In other words, the message: "I've been there too" isn't sufficient qualification to help desperate people.

Irma Kurtz, the long-standing columnist at Cosmopolitan, thinks an agony aunt is the modern-day equivalent of the wise old woman who lives down the end of the village. Agony aunts still inspire a slight fear - in nearly every magazine and newspaper I've worked for over the last 25 years, I've been shunted to the edge of the office, marginalised, stuck on a different floor, pushed down a back corridor. Because we are a little frightening, people use humour to reassure themselves when we, or our columns, are around. Agony aunts are not taken seriously. We're hilarious. Journalist friends of mine still ask me why I'm not doing something "proper", rather than producing weekly a newspaper page that it makes them comfortable to see as trivial.

It's interesting, too, that agony columns have always been considered lightweight, partly because, historically, emotional problems have always been "women's" stuff, ergo silly, tearful, helpless, moody and so on. Although the question and answer format was apparently devised by a John Dunton in the 18th century for the Atheneum Gazette (Daniel Defoe had a brief stint as a problem-page editor), agony columns came into their own in the late 19th century, with ladies like the editor of Ladies' Home Journal, who advised readers, when they were depressed, to turn to God. Agony columns in the Twenties and Thirties became, briefly, sources of etiquette advice - when I arrived at Woman in the Seventies, I found a leaflet called "How to Eat an Avocado Pear". Then, up to the Sixties, they addressed more emotional problems, featuring charitable and kindly Quaker or Humanist advice from agony aunt greats like Peggy Makins and Angela Willans, who both wrote variously for Woman and Woman's Own. (Problems of an "intimate nature" were responded to privately.)

In the Sixties it was Anna Raeburn at Woman, my predecessor, who first used words such as "vagina" "penis" and "orgasm" on the page, and opened up the postbag to endless queries about sexual problems - queries which are only just starting to dwindle today as attention becomes more focused on the success of relationships. Her concerned but fiery style of answering: "Don't be a doormat! Get up and give yourself a good shake!" still has reverberations in some of the agony columns today.

The agony column was never popular with broadsheet newspapers, which saw them as appealing to CD readers, rather than AB ones. Until, that is, six years ago when The Independent produced the "Dilemmas" column. This, because it asked readers to contribute their own views, as well as featuring those of the ag aunt, reflected the more democratic attitude to help and problems that was growing in society as a whole. People with problems were no longer looking solely to great gods in white coats to solve their problems (nor, indeed, middle-aged agony aunts with grey perms and kindly eyes); this was the age of self-help - groups, books, workshops, and complementary medicine. This method of presenting the problem page in a way acceptable to people who liked to see themselves as more self-determining than tabloid readers was so successful that it was immediately copied by The Guardian, the Daily Mail, and The Observer.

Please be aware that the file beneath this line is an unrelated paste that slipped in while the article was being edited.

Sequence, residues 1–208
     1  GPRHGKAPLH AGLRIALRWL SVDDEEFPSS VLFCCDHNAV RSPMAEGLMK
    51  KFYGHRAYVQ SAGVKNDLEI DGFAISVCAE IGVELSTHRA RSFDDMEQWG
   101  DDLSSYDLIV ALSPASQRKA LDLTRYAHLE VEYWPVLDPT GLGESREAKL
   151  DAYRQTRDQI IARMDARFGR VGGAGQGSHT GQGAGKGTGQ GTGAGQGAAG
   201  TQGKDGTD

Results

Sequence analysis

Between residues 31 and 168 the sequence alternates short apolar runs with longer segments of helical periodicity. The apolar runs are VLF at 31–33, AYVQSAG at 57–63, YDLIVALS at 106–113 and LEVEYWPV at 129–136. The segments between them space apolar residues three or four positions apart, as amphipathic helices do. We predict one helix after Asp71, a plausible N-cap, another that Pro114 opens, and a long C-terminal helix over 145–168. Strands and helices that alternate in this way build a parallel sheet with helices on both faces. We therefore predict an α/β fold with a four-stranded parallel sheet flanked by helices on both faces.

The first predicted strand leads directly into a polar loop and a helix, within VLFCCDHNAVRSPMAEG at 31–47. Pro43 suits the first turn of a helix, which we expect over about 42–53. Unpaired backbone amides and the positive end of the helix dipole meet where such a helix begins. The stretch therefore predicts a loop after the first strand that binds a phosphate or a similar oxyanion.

When I'm asked what I do, I crack jokes, laugh at myself. But, cheesy as it may sound, I know that I and my colleagues are doing a really worthwhile job on top of the journalistic one that most people see. If anyone writes to me they'll be astonished at the amount of information they get for free - leaflets that cover subjects ranging from contraception, to explanations of cognitive therapy, or how to cope with living with an alcoholic. Part of each working week is spent in dialogue with some of the most unhappy, poverty-stricken, inarticulate, wretched people around, many of whom don't want to live. Will Vanessa, like most responsible agony aunts - and like her predecessor, Suzie Hayman - not only reply to their tragic pleas for help, but also follow up their letters to make sure they're all right?

Vanessa's life is fascinating precisely because it is such a mess. And I'm not saying that genuine agony aunts are paragons of sanity - far from it. But shedding a few stone with the aid of an expensive personal trainer does not mean, in tabloid-speak, that you've "bounced back". And, even if you have, just being a celebrity does not give you the authority, experience and knowledge to help people who are truly, truly desperate.